For amall stuff I still use knots.

For end loops I use a bowline

For mid loops I use a butterfly
Model and LMR rocket Knots:
Every knot has a specific purpose. I cringe everytime I hear folks talking about using square knots or even surgeon's knots on shock lines or anything other than line to line knots of identical diameter.

By adding glue to your knots you are decreasing the strenght of the line and knot by more then half! Please do not add glue to your Knots, If you feel the knot your tying requires glue to remain tied your using the wrong knot.
If you must, apply glue only to the very ends of the knotted line outsde the knot. One last warning.. Do not CA knots in kevlar, If you are imbedding a kevlar loop in a balsa nosecone or such it's better to tack the loop with a drop of CA but imbed in epoxy. this still weakens the line but not as badly as in pure CA.

My preferred Knots:
Shock cord to eye or nosecone: Two half hitches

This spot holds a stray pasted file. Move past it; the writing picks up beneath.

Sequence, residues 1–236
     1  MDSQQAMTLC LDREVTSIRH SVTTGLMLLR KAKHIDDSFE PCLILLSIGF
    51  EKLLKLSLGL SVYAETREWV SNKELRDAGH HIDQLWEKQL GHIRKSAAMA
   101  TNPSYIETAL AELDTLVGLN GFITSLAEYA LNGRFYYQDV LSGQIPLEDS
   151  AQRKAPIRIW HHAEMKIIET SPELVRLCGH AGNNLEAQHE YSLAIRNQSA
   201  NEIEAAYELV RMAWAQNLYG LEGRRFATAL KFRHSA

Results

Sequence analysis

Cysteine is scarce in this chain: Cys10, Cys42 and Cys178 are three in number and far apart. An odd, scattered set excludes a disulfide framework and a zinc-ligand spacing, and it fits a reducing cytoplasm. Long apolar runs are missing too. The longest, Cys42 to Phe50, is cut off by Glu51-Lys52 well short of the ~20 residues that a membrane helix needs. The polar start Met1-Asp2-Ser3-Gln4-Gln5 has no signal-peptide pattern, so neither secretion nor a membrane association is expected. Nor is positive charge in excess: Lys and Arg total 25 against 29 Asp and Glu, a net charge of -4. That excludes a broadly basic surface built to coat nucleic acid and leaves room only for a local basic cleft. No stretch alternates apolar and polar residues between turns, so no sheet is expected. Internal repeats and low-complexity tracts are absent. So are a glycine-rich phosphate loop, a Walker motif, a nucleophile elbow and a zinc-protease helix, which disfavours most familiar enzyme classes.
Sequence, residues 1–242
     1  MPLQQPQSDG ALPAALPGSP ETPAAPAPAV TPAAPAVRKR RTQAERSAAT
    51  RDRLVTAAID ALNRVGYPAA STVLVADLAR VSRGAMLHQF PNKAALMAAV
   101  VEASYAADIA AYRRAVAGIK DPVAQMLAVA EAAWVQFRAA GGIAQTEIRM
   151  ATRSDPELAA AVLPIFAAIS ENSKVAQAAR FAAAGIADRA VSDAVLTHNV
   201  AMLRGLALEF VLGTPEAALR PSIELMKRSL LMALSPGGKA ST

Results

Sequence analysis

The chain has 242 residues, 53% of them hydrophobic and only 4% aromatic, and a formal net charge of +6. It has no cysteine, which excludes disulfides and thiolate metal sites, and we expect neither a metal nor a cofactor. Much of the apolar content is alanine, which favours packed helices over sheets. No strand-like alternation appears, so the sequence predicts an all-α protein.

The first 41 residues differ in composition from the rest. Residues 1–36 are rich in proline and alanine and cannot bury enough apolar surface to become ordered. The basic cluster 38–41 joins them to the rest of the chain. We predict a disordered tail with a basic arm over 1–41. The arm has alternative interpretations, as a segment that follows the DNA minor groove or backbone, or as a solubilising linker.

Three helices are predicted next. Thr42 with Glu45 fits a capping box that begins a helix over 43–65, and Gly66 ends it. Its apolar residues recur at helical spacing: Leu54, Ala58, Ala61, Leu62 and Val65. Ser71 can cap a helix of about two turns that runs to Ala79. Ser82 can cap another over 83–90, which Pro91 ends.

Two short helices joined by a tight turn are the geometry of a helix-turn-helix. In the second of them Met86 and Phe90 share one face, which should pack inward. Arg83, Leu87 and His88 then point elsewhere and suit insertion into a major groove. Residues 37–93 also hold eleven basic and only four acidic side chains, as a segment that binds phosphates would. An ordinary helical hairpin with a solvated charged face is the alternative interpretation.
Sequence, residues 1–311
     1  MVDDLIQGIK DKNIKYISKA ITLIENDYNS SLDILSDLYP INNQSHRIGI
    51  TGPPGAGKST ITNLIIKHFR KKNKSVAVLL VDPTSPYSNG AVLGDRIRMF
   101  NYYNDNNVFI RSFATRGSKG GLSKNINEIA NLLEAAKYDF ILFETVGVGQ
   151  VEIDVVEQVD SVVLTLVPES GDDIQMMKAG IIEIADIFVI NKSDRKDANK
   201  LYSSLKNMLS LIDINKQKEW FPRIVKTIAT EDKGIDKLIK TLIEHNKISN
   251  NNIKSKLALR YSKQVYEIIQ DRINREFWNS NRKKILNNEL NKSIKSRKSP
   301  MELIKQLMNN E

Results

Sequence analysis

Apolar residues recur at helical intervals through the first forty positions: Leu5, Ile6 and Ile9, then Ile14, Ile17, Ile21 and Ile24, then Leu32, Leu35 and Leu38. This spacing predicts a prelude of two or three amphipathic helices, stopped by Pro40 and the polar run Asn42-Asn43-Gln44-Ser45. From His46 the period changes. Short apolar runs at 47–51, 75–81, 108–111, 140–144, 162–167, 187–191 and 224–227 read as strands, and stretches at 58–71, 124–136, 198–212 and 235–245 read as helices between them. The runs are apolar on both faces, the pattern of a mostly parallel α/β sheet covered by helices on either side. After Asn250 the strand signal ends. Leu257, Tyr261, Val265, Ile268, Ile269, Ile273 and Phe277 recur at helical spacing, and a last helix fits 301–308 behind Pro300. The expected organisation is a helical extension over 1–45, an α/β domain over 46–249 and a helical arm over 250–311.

Shock line or cord to motor mount or motor block: Bowline or Two half hitches, depending on line dia.

Inline (shockline) attachment loop: Butterfly knot.

Kevlar to elastic: Simple overhand, Bowline on a Bight or Figure 8 Double (which is I hope the figure 8 knot powderburner mentioned as a simple figure 8 is a stopper knot only.)

Streamer attachment Line to swivel: Improved clinch Knot

Chute knots: Figure 8 in shroud end with half bend under tape disc.
Two half hitches shroud to canopy through reinforced holes.
Overhand loop bundle shrouds through eye of swivel forming a Lark's head.

Freestanding flag poles: Clove hitch around pole, Taught-line Hitch (locking adjustable hitch) around adjustment lines to stakes.

Bundle controller leads: Clove hitch bundle to the table leg and Chain hitch down the bundle to the ground.
I'm firmly in the climber camp, they've saved my life, I trust 'em for rockets.